Teaching and Facilitating
Presentation by Mark Feder, October 2007; revised September 2013
# 1
Extensive exploration of th...
Teaching and Facilitating
# 2
To understand what we can do as teachers to promote successful learning in
our students, it ...
Teaching and Facilitating
# 3
In our examination of the process of learning to ride a bicycle,
we will give special attent...
Teaching and Facilitating
# 4
A parent might assert, “I taught my child to ride a bike,” but perhaps the
statement, “I hel...
Teaching and Facilitating
# 5
But the actual learning is done by the child. Through the child’s effort alone
the jump is m...
Teaching and Facilitating
# 6
Learning, ultimately, can be done only by the learner. Perhaps, the most
helpful things the ...
Teaching and Facilitating
# 7
It is important to distinguish between teaching and facilitating. If we make
teaching the pr...
Teaching and Facilitating
# 8
Learning to ride a bicycle is, of course, not the same thing as learning
algebra or a foreig...
Teaching and Facilitating
# 9
AFFECTIVE DOMAIN
PSYCHE - FEELING:
Confidence
Motivation
Anxiety
Using the three domains ide...
Teaching and Facilitating
# 10
AFFECTIVE DOMAIN
PSYCHE - FEELING:
Confidence
Motivation
Anxiety
Now, let’s compare them to...
Teaching and Facilitating
# 11
Traditionally, the dispensing of information, knowledge, and skills has been
considered the...
Teaching and Facilitating
# 12
Behavioral psychologist B. F. Skinner viewed learning as stimulus-response
conditioning. In...
Teaching and Facilitating
# 13
Affective elements have always been a part of pedagogy in an incidental
way, and teachers h...
Teaching and Facilitating
# 14
All three domains are undeniably important, indeed, indispensable to the
learning process, ...
Teaching and Facilitating
# 15
A sense of balance and coordination are absolutely imperative for the rider,
but those are ...
Teaching and Facilitating
# 16
No amount of skill and diligence on the teacher’s part can magically
transfer to the learne...
Teaching and Facilitating
# 17
Where the teacher can really make a difference is in the affective domain –
helping the stu...
Teaching and Facilitating
# 18
Once we understand that the function of the teacher is not to teach (i.e.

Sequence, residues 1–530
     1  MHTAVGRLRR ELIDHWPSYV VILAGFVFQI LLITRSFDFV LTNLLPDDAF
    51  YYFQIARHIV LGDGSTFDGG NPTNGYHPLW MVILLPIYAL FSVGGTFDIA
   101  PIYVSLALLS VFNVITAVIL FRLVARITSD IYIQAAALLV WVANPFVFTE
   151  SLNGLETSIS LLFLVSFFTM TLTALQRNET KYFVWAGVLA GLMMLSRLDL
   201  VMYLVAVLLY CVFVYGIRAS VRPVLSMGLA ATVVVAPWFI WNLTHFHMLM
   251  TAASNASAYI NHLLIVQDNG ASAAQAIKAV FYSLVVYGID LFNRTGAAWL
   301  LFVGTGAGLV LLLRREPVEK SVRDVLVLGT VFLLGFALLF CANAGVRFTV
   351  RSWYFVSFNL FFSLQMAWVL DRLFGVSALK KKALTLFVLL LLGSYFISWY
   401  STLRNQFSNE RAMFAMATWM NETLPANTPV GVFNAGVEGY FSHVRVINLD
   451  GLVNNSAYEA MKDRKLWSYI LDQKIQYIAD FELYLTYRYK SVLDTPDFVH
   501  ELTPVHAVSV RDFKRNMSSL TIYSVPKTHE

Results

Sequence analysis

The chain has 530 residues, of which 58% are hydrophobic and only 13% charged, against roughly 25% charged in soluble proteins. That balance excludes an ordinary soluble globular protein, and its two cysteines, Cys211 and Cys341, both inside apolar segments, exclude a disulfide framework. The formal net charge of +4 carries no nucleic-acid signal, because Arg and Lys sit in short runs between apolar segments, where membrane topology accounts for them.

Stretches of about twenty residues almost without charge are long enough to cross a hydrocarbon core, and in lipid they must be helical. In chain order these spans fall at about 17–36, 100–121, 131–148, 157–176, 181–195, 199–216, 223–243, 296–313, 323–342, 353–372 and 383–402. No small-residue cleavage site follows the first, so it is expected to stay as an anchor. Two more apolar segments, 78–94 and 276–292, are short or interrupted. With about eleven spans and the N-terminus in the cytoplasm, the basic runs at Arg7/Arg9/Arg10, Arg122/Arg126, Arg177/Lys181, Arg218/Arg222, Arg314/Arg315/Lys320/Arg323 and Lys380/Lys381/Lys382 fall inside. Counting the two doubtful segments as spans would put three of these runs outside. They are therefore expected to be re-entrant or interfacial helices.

dispense informat...
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  1. 1. Teaching and Facilitating Presentation by Mark Feder, October 2007; revised September 2013 # 1 Extensive exploration of the learning process in general and the second language acquisition process in particular played a crucial role in developing the instructional plan. This presentation focuses on the role of the teacher, based on our understanding of how skills are learned.
  2. 2. Teaching and Facilitating # 2 To understand what we can do as teachers to promote successful learning in our students, it may be helpful to consider a familiar learning experience, such as swimming, driving a car or playing an instrument, that occurs outside of the classroom. A common skill that many of us learn as children with a parent playing the role of teacher is riding a bicycle.
  3. 3. Teaching and Facilitating # 3 In our examination of the process of learning to ride a bicycle, we will give special attention to two questions: What is the role of the parent or teacher? What is the role of the child or learner?
  4. 4. Teaching and Facilitating # 4 A parent might assert, “I taught my child to ride a bike,” but perhaps the statement, “I helped my child learn to ride a bike,” would be more accurate. What, actually, can a parent do to teach a child to ride? A parent can: •provide a bicycle; •find a good place to practice; •demonstrate and model how to ride; •encourage the child and give assurances of success; •give tips and advice; •suggest ways to correct problems; •make the child feel safe and secure; •try to catch the child and prevent spills; •congratulate the child for attempts and successes.
  5. 5. Teaching and Facilitating # 5 But the actual learning is done by the child. Through the child’s effort alone the jump is made from not being able to ride to being able to ride. Without the child’s effort and active participation in the learning process, nothing that a teacher can do would be sufficient, regardless of how eager the parent may be for the child to be successful. It is up to the learner. As the saying goes: You can lead a horse to water but you can’t make it drink.
  6. 6. Teaching and Facilitating # 6 Learning, ultimately, can be done only by the learner. Perhaps, the most helpful things the parent can do is encourage the child to put effort into the task and remove as many obstacles as possible to the child’s commitment to the task. The parent or teacher can facilitate learning, but not actually teach the skill of riding a bicycle. Perhaps when we speak of teaching, we really mean facilitating learning. According to Carl Rogers, “all human beings have a natural propensity to learn and the role of the teacher is to facilitate such learning.”